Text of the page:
There are fewer taxes more controversial in New York State right now than the payroll tax passed a few years ago to support the MTA. Levying a tax of 0.34 percent on businesses in the 12 counties serviced by the MTA, the tax has generated around $1.3 billion annually for the MTA, and it has drawn the non-stop ire of New York Republicans, some of whom have made trying to repeal it their life’s goal. Yet, a new poll shows reasonably strong support for it throughout the state.
According to a Quinnipiac poll, 56 percent of voters support the payroll tax. Forty-five percent say the tax is fine as is while 11 percent would increase it. Meanwhile, 24 percent of voters would like to see the tax repealed completely while nine percent would prefer it decreased. These results seem to jibe with other numbers that show a strong upstate/downstate divide over MTA support.
A whopping 59 percent of upstate voters oppose additional state support for the MTA while 55 percent of New York City voters want more state subsidies. Overall, New Yorkers oppose additional support for the MTA by a 51-42 margin, and voters seem to realize that repealing the payroll tax in the 12 MTA counties would lead to more state subsidies in another form. The MTA, after all, is counting heavily on the money to avoid service cuts and unplanned fare hikes.
Yet, despite this showing of support, the Republicans in the Assembly have been tirelessly advocate for a repeal. On Staten Island, business leaders and politicians have been railing against the tax, and state GOP representatives held an anti-tax hearing earlier this week with a focus on Staten Island and Brooklyn. Former New York City Comptroller and failed Mayoral candidate Bill Thompson called for a payroll tax repeal in The Post this week, but his plan includes other state subsidies.
The complaints for business leaders and politicians deserve a closer. Especially among Staten Island and Bay Ridge residents who seemingly suffered the most from the 2010 bus cuts, complaints focus around services. Business owners claim their employees drive and derive no benefit from public transit while others say they are taxed more for even less service. Of course, it’s tough to take these forums too seriously when people start calling the taxes “basically un-American” and “discriminatory.”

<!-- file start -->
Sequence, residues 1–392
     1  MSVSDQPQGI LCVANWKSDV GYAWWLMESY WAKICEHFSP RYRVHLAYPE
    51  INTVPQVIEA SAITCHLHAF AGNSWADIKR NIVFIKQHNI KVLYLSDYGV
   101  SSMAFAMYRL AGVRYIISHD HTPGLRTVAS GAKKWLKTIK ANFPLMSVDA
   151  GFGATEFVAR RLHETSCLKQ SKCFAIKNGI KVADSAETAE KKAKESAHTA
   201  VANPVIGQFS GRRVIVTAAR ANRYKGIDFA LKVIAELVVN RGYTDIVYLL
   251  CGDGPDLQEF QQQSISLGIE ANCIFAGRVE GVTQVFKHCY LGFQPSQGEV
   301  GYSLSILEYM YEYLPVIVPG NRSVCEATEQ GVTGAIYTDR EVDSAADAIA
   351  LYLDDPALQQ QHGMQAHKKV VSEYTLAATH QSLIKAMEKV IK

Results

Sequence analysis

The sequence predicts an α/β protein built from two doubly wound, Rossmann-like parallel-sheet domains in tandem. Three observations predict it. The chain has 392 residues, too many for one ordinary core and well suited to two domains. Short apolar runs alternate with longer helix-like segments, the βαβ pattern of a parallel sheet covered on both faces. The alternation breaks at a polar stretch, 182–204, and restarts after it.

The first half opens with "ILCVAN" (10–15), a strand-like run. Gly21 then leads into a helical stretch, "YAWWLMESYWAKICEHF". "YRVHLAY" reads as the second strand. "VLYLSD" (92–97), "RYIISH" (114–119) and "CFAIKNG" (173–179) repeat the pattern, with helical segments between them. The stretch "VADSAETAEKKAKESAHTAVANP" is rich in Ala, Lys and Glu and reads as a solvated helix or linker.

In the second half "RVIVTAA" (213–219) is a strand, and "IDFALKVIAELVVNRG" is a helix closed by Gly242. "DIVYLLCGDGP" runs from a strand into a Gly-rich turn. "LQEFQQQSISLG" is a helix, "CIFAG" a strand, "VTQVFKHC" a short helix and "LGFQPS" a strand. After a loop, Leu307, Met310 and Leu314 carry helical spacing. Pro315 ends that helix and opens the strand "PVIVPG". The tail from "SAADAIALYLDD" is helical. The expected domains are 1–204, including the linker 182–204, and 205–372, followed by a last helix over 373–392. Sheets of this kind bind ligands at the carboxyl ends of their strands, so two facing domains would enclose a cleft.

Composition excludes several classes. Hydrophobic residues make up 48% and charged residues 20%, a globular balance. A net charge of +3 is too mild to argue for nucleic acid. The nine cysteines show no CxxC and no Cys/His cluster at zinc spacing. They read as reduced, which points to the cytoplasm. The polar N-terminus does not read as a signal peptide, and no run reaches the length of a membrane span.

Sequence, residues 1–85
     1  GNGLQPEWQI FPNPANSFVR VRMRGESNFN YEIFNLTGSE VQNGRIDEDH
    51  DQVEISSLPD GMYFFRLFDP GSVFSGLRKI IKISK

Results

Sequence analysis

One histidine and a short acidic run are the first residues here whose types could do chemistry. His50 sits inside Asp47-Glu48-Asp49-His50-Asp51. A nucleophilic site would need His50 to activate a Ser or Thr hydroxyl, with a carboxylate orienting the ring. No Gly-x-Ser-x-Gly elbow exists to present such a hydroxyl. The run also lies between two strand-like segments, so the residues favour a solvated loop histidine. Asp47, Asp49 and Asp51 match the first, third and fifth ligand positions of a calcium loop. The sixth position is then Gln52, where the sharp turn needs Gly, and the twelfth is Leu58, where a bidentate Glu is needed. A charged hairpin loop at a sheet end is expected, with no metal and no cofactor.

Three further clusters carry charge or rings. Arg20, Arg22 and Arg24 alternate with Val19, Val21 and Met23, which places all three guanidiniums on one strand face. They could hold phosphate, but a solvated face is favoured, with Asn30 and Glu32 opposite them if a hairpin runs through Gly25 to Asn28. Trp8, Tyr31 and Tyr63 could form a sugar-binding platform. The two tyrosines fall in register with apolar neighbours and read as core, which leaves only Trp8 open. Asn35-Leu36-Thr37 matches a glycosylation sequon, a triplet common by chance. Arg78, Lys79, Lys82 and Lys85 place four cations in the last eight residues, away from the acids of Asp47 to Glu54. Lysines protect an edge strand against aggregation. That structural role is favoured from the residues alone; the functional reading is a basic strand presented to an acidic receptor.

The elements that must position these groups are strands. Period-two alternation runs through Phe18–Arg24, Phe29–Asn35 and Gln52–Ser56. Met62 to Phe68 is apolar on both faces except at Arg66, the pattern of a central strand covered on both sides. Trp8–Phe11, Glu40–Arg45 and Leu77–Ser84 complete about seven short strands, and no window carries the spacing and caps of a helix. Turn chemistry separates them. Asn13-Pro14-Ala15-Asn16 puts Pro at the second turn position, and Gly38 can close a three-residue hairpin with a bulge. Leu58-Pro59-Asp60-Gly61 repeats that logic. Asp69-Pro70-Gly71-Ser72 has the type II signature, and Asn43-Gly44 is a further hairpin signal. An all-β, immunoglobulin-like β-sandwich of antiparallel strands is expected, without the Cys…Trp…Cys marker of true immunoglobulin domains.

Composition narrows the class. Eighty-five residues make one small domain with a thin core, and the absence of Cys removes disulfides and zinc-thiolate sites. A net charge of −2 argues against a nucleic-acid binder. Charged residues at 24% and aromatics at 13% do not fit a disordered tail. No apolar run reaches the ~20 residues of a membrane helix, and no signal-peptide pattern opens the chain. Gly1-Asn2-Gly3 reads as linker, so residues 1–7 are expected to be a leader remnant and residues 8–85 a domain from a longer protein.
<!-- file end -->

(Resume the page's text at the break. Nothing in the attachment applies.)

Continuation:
The concurrent problem is one of politics. State GOP Assembly representatives know a payroll tax repeal won’t make it through Sheldon Silver’s Assembly, and they have offered no better solution. Taking a page from the Lee Zeldin handbook of incomplete ideas, Assemblywoman Nicole Malliotakis said the MTA could, according to SI Live, “could make up the shortfall by selling off real estate, streamlining bloated executive salaries and renegotiating vendor contracts.” If the authority could generate $1.3 billion through those measures — most of which provide only one-time benefits — I have a bridge to sell Ms. Malliotakis.
Ultimately, the end of the payroll tax will come as part of a bargain: Institute congestion pricing or toll the East River Bridges, and the payroll tax can be similarly reduced. I can’t imagine suburban residents or Staten Island politicians would be too thrilled with that bargain, but the only other outcome would be a seriously starved MTA forced to cut services and hike fares. Who wants that anyway?